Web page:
No internet tax for Canadian media by David Charbonneau
Jun 29, 2017
Source: CFJC Today
I agree with Conservatives who reject an internet tax to support Canadian media but for different reasons.
Conservatives reject taxes do so because they reject government intervention in what they see as a commercial enterprise. If media corporations can’t stand on their own without support from taxpayers, then they should fall.
But media are not only an enterprise; they are reflection of who we are and necessary for an informed citizenry. The goal of all legitimate media is to report unfiltered news and if my taxes go towards achieving that end, then it’s money well spent.
Use of an internet tax to support Canadian media is controversial. Politicians who are normally on opposite sides of the issue agree on this one. Two lobby groups that I support are on opposite sides. The Friends of Canadian Broadcasting supports the internet tax. Open Media rejects it.
A parliamentary committee recently recommended the internet tax, which Prime Minster Trudeau promptly rejected. The recommendations weren’t even unanimously supported among committee members. Predictably, Conservatives rejected the tax and some Liberals supported it. Prime Minister Trudeau sided with the Conservatives (again, for different reasons).
Before decided which side you’re on, it’s useful to know what it is. It’s a tax on streaming content over the internet as opposed to a tax on cable or satellite content, or over-the-air broadcasting.
What it’s called is determined by which side you’re on. Opponents call it a Netflix tax. “Applying the 5-per-cent levy to broadband distribution, that’s a Netflix tax,” said Conservative committee member Peter Van Loan. “Efforts to turn back the clock to an earlier era are doomed to failure.”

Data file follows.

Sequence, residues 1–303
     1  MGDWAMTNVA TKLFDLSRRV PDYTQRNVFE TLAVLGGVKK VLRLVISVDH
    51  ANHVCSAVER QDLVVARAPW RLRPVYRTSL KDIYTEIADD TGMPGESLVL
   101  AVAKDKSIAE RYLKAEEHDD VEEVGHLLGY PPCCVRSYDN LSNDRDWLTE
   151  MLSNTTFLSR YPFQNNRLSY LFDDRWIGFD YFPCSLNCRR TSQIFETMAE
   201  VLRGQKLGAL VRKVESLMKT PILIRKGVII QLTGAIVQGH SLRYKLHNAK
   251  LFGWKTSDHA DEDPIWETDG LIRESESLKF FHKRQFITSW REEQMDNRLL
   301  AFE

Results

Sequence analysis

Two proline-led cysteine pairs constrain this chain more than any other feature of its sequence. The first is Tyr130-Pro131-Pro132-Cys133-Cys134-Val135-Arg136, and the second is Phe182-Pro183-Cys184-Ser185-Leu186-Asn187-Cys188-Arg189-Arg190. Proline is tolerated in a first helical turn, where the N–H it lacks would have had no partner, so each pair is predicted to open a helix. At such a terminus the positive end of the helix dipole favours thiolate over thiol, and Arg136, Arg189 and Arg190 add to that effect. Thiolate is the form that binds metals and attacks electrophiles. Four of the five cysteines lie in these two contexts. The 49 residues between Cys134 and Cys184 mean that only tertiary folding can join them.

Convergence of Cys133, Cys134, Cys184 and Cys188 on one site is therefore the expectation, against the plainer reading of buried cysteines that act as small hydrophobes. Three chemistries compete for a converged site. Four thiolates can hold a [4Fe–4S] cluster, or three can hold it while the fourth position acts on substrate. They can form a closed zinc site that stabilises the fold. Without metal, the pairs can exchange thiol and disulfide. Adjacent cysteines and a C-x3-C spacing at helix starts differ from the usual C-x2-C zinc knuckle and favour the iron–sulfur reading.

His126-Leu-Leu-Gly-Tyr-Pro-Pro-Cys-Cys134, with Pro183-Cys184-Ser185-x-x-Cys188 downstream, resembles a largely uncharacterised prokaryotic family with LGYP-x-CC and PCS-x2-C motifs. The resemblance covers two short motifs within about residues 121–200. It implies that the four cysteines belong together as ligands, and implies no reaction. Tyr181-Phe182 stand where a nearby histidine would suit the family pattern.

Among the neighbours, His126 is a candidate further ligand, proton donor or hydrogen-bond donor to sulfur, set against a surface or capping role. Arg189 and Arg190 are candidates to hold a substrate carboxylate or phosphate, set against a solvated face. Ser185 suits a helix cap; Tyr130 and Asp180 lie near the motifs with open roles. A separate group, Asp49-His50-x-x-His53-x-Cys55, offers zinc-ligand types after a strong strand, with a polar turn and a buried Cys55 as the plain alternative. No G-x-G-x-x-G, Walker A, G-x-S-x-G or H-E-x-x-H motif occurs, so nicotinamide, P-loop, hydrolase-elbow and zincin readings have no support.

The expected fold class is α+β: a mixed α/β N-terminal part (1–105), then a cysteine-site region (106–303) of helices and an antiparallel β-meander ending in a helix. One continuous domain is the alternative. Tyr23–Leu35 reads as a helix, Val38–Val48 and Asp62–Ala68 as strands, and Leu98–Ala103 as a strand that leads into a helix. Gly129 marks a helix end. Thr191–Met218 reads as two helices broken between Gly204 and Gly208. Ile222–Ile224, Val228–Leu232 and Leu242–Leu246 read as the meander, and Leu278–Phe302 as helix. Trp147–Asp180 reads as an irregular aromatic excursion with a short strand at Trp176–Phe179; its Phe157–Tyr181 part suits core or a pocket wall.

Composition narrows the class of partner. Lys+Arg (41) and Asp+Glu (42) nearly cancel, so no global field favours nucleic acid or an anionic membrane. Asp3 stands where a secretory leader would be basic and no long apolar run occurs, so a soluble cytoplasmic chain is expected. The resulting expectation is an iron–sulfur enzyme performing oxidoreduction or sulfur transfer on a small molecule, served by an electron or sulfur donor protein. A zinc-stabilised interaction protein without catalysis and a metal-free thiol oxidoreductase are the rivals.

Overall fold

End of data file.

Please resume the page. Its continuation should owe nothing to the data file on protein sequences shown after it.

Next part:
Prof. Michael Geist agrees with Van Loan but doesn’t find it necessary to call it a Netflix tax. It’s an internet tax because it applies to all internet content and as such, it’s a bad idea. Geist, a law professor and Canada Research Chair in Internet and E-commerce Law, sees the internet as more than a source Canadian content:
“A taxation system such as the one used for cable and satellite companies is highly inappropriate given the Internet’s importance for communication, electronic commerce, Web banking, education and tele-health. Given its integral role in virtually every aspect of modern life, it is wrong to treat network access as little more than an ATM for the cultural sector.”
Geist points also points out that such a tax is inconsistent with the Broadcasting Act because internet providers are not “broadcast undertakings” under the act.
Trudeau took the line that he was protecting the middle class: “We’re not going to be raising taxes on the middle class through an Internet broadband tax. That is not an idea we are taking on.”
Canadian media deserves support. Open Media suggests that the proceeds from the sale of cell phone wireless spectrum could go to Canadian content. Tax revenue should be used to support public and private broadcasters as suggested by Friends of Canadian Broadcasting. Small market broadcasters like CFJC in Kamloops should continue to receive funding from the CRTC.
Canadians pay one of the highest internet rates in the world. The best way to support Canadian media is to ensure that Canadians have an affordable, high speed internet where innovators can create content.